But with cases of COVID-19 surging across the country and an unexpected second impeachment trial of Donald Trump, other legislative goals might take longer than previously thought.

The big ticket item for LGBTQ advocates is the passage of the Equality Act, which would add sexual orientation and gender identity as protected classes to the Civil Rights Act of 1964. The legislation would ban discrimination against LGBTQ people on a federal level.

The bill was passed during the last session of Congress in the House, but Senate Majority Leader Mitch McConnell blocked the legislation from reaching the Senate floor for a vote.

Initially, Biden hoped to have the Equality Act signed into law within 100 days of taking office. And with the Democrats in control of both the House of Representatives and the Senate, passage certainly looks more promising.

But the Senate Judiciary Committee, which would be tasked with handling the legislation, is the same committee that will now have to deal with the impending Trump impeachment trial.

LGBTQ advocates told the Blade that, given the current circumstances, granting Biden some leeway would be understandable.

“I think we’ve gotten the commitments that we expected and hoped for and sought from the Biden team and from legislative leadership, and what that means for us now is holding them accountable, but also understanding that the country, our democracy, and the ability of people to actually live is going to take priority,” one LGBTQ advocate told the Blade.

Others, however, are not so easily assuaged.

“The notion that our government can only focus on one thing at a time isn’t acceptable,” said another activist. “You can’t have the agenda and policy goals that Biden does and not have the process to move faster.”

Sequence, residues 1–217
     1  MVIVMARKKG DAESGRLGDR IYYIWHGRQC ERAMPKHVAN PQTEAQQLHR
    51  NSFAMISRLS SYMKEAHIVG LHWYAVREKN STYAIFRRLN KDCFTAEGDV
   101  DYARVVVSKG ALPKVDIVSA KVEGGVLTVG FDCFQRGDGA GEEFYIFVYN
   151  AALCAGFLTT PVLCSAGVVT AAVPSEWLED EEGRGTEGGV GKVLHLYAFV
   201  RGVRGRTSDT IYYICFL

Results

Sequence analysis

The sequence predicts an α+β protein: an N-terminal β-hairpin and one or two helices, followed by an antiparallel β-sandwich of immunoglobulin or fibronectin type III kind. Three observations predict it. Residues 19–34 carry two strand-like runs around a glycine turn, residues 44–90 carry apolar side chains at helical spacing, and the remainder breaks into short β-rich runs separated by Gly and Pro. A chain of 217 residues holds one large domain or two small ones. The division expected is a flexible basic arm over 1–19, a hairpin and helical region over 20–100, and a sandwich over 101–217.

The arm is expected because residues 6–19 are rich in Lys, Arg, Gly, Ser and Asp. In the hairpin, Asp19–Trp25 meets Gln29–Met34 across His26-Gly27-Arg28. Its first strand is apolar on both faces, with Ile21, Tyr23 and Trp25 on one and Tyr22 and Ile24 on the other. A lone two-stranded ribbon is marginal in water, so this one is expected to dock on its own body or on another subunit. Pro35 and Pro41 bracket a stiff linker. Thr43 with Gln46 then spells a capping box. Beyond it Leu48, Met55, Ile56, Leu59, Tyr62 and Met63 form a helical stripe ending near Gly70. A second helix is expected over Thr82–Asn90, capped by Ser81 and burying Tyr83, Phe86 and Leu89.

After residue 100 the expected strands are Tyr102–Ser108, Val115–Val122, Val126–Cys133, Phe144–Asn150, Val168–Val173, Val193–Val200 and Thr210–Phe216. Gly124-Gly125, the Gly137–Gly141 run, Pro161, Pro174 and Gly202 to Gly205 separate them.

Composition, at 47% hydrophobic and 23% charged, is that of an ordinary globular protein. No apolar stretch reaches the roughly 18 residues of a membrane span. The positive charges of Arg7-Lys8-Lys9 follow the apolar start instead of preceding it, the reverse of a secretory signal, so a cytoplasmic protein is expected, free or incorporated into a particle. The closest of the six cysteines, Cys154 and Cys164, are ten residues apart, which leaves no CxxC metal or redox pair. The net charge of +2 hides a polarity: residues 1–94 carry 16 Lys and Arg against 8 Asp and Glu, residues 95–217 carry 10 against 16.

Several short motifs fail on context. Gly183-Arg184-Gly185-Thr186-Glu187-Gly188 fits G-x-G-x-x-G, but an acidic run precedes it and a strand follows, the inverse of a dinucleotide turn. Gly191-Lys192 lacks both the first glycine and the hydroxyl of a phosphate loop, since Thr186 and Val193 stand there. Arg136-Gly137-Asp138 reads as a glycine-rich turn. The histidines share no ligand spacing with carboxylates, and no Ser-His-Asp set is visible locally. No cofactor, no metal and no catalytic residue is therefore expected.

LGBTQ leaders will probably see the Equality Act brought up for a vote in at least one chamber of Congress as Speaker of the House Nancy Pelosi (D-CA) had indicated she would bring the bill back to the floor during the first 100 days of the Biden administration.

Once the Senate does turn its attention to the Equality Act, another hurdle will be finding at least 10 Republican Senators to support the bill. Sixty votes are required to overcome the legislative filibuster and move to a vote.

Wrangling those votes isn’t an impossibility, but could take time. So far, the only moderate Republican senator to signal support has been Sen. Susan Collins (R-ME). But she might be having second thoughts as the Human Rights Campaign pulled their support for her reelection this fall and endorsed her opponent. Collins has been reported as somewhat bitter over the breakup.

Aside from the trans military ban and the Equality Act, though, Biden will also be able to advance LGBTQ interests through executive orders.

For instance, Biden could sign an executive order directing federal agencies to fully adopt the U.S. Supreme Court’s ruling in Bostock v. Clayton County. That decision found anti-LGBTQ discrimination to be a form of sex discrimination and therefore illegal under existing civil rights law.

One Democratic insider told the Blade that dozens of executive orders have already been drafted, although it’s not clear if the directive to implement the Bostock decision is among them at this point.

Other LGBTQ campaign promises expected to be addressed in the early days of the new administration include issuing a presidential memorandum prioritizing support for LGBTQ human rights in the first week.

Additionally, Biden promised “on his first day in office” to restore Obama-era guidance to the Department of Education ensuring transgender students having access to bathrooms, locker rooms and sports consistent with their gender identity.

Biden is also expected to name in a White House LGBTQ liaison to help oversee LGBTQ initiatives in the early days of the administration, and as well as a State Department envoy for international LGBTQ rights.

(source: Washington Blade)

News Round-Up: January 12, 2021

Real-life couple featured in new Cadbury chocolate ad
Real-life couple featured in new Cadbury chocolate ad
(screen capture via Cadbury)

Some news items you might have missed: